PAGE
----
Making a difference

It was my day to see ‘acutes’ - patients who call with issues that need to be seen that day. A day to be prepared for anything. Acute days are an unpredictable mix of straightforward minor illnesses, more complex flares of chronic illnesses, unusual presentations of common problems, and challenging undifferentiated complaints. Our triage process is pretty good and our triage staff excellent, but acutes are hard to assign a slot, and the acute provider is seeing many patients usually seen and better known to her partners, so the acute provider is always stressed. And relieved when the day ends.

The day had been busier than usual from the moment I arrived at 6:45 am, and I was doubting I would get done in time (or have enough energy) to go for a planned after dinner solstice kayak with my wife and some friends. Then magic happened: a single late afternoon appointment recharged me and made my day. 

She presented with a rash that blistered and itched. After taking her history and doing a focused exam, we discussed her symptoms, the probable diagnosis, and the treatment options. She was mildly distressed by the diagnosis of a curable but slowly resolving problem, but seemed reassured by the plan. As I finished printing her prescription and a summary of the plan, I asked one of my standard closing questions: “Is there anything else we should talk about?”  With no hesitation, she said she had something to ask me. My heart sank, fearing a complex issue too important to defer that would make me late for my planned evening. 

She asked if I used to coach youth soccer. Nonplussed, I confessed that my wife and I had coached together for a number of years, but not for almost 20 years. She asked if I remembered a 9 year old with a badly broken leg. I remembered it immediately and quite vividly. Our team had just arrived at the high school field and was warming up on the sideline awaiting the conclusion of the game preceding ours. My wife and I were busy in an open space behind one goal with our pre-game ritual: making sure our crew of sixteen 9 year olds were all there, had the correct jerseys on, had shin guards and tied shoelaces, and were warming up. 

As I supervised our kids and watched the last minutes of the game out of the corner of my eye, a young player was tackled vigorously in mid shin and went down hard near the top of the penalty area. By the time I got there, several adults including his coach were trying to coax him into trying to stand up. He was ashen pale and crying quietly, and there was a 20 degree bend in his mid shin with bone obviously distending the skin. I sent the coach off to call an ambulance, sent the other adults off to find his parents, and waved to my wife to bring our kit with its ice packs. I asked who he was and introduced myself, and told him I was a doctor, that I knew his leg hurt, but that all he had to do was relax, that we would take care of him, and that everything was going to be ok. He asked what was wrong with his leg and I told him it was broken, and that they would take a neat x-ray picture of the bones at the hospital and he could probably get a copy if he wanted. He asked if he would still be able to play soccer and I told him he would probably have to wait until next season. Shortly, a grandparent arrived (his parents weren’t at the game) and the ambulance arrived, he was splinted and went off to the ED.  She told me that Barton was her son, that his leg had healed fine, that he had never forgotten how calm I was or how I made everything seem ok, and that he had pursued a medical career (pharmacy) because of what had happened that day.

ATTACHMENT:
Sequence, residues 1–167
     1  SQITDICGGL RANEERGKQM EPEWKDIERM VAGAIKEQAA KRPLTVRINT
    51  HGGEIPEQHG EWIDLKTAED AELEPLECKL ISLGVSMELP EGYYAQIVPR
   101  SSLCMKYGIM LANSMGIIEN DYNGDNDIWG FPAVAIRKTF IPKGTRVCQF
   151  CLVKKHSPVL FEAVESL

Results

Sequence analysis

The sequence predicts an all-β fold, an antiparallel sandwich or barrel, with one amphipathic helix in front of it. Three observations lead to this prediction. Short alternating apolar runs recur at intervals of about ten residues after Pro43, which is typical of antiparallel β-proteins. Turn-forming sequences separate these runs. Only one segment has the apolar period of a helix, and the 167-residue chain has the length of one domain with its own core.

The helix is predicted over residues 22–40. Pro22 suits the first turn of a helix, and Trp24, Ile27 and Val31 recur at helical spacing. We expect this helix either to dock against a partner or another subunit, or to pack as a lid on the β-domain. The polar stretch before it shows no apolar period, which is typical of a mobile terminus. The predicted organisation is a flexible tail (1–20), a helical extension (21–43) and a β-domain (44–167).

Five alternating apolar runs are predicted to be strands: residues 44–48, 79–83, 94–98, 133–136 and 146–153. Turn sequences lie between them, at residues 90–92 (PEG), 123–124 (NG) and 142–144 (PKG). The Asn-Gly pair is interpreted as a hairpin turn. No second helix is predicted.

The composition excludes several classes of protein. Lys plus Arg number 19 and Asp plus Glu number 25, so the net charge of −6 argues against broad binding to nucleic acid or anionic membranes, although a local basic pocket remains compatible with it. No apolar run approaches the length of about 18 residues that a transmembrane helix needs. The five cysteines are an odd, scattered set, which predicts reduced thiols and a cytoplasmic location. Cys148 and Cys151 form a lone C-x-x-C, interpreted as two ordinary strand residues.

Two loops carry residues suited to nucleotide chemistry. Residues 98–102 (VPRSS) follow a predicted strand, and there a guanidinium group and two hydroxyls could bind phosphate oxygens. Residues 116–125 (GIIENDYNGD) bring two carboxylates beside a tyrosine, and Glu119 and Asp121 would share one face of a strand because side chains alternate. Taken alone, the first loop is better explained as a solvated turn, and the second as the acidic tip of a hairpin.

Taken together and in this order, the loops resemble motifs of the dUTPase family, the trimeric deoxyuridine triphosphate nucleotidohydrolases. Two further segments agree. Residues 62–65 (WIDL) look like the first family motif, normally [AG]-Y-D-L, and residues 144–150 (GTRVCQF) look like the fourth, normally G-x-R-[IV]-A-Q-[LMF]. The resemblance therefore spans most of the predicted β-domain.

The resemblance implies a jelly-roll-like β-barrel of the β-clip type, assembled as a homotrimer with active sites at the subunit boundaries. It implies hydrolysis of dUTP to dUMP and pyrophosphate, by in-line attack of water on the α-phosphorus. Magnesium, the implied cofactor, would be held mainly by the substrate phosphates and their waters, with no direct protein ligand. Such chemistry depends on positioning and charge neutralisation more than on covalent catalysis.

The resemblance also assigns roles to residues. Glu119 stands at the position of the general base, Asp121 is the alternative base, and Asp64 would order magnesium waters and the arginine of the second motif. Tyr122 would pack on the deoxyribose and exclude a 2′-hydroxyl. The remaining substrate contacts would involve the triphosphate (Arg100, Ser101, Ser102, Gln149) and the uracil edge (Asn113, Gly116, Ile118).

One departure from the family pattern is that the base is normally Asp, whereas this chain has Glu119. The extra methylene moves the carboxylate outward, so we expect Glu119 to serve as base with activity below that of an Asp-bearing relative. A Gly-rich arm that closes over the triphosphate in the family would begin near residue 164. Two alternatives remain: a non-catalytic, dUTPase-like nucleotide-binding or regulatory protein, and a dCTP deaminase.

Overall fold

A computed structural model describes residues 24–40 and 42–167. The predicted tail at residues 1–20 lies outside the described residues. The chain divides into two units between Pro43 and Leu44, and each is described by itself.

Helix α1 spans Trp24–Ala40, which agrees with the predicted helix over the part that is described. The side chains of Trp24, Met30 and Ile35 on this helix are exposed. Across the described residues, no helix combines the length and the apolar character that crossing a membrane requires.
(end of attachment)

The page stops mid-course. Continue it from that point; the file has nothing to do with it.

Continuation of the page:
Knowing that his leg injury had healed well was nice, but knowing that I had made a difference was special. Thinking about it while kayaking that night, I was struck by the fact that what I saw as pretty mundane, some standard first aid in the field, he saw as a memorable and inspiring intervention that had a lasting impact.

 


 

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